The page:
By Mildred Robertson
Well, it was almost justice. A bewildered Michael Dunn raised his hands in disbelief as a Florida jury found him guilty of shooting into a car of unarmed Black teenagers, and killing one of them. Mind you, they didn’t find him guilty of murder. The white 47-year-old software engineer started an altercation with the teenagers in a Jacksonville gas station parking lot because he thought their music was too loud. He then fired 10 rounds into the vehicle, killing Jordan Davis.
Dunn claimed self-defense. But what was he defending himself from? There was no weapon found in the car—just a dead child.
It is a familiar story. Young Black males seem to be deemed inherently dangerous just by their existence. It appears that Florida juries find it reasonable for armed grown men to mow down Black youth without fear of repercussion. The Florida gun law is the 21st Century hangman’s noose where society says it is okay to sacrifice a Black child at the whim of any white citizen. That citizen can be found innocent because any “reasonable” person would have feared for his or her life in the presence of this child.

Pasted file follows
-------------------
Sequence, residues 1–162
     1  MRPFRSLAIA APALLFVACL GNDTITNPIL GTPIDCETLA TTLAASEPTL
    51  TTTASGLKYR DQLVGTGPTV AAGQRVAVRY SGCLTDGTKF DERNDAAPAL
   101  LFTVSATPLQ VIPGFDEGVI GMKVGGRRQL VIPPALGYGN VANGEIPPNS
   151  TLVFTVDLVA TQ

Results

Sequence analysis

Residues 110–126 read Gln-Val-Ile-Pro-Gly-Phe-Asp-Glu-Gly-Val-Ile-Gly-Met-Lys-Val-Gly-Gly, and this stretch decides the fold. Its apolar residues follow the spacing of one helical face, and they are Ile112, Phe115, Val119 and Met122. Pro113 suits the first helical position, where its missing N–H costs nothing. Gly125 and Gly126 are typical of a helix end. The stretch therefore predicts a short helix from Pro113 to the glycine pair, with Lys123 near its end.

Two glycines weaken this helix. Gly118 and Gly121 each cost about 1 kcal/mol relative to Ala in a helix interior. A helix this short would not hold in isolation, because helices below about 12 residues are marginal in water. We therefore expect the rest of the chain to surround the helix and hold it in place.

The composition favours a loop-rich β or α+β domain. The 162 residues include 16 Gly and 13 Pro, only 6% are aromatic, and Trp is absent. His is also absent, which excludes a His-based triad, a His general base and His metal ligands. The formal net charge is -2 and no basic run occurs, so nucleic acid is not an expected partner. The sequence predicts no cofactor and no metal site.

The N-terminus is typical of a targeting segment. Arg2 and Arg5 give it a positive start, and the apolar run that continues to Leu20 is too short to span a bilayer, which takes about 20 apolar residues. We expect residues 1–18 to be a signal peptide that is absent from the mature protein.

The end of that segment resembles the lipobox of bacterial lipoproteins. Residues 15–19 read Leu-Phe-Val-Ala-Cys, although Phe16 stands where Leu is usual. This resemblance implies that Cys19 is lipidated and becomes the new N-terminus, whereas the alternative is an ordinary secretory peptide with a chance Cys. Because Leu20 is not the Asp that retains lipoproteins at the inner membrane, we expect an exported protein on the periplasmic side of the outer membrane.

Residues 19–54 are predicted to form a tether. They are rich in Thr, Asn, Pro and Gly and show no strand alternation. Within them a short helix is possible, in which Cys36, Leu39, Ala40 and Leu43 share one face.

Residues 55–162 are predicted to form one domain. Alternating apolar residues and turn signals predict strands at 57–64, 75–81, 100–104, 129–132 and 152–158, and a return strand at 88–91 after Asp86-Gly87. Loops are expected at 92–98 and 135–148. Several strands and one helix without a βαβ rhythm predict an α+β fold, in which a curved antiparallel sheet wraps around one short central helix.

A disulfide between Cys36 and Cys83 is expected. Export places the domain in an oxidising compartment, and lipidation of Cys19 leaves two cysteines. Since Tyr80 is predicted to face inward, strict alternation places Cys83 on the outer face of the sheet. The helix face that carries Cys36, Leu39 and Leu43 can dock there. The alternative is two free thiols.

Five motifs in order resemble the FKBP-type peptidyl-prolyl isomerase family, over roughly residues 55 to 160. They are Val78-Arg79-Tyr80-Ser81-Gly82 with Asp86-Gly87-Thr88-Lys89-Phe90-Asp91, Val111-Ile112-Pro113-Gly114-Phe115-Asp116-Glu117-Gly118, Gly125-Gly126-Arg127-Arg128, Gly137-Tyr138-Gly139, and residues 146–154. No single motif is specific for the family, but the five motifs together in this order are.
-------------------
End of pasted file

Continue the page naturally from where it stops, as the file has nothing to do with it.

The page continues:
But where is the reason? Is it not “reasonable” for a young Black man to expect the freedom to walk safely to the corner store for skittles and a soda? Is it not reasonable for Black youth to drive into a service station for gas, without the fear that they will lose their lives because some stranger does not appreciate their tone when they ignore his reprimand?
Just as in the George Zimmerman case, Dunn provoked this encounter. He did not have to address the issue of the loud music with the young men. He could have mentioned it to the store clerk. Or he could have just got his gas, got in his car and drove away. Yet all he had to do to get a pass in Florida was to say that someone in the car threatened him, and he “thought” he saw the barrel of a rifle. In Florida, that will get most white men a “get out of jail free” card. (It did not work so well for Marrisa Alexandar, also of Jacksonville, a Black women who fired into the wall to frighten a known abuser away).
Dunn made the mistake of firing at the fleeing car, which is what could earn him 60 years in prison. Even in Florida, they couldn’t figure out how to make folks in a fleeing car be seen as a threat.
It is good that Dunn was at least found guilty of these lesser charges. Florida has mandatory minimum sentencing guidelines for crimes committed with guns. So Dunn faces 20 years for each of the three counts of his conviction. That is likely little comfort to Davis’ grieving family.
It appears prosecutors will retry Dunn on the murder charge. If they do, Florida needs to be aware that the whole world is watching. Because of its racial overtones, the trial has drawn international attention.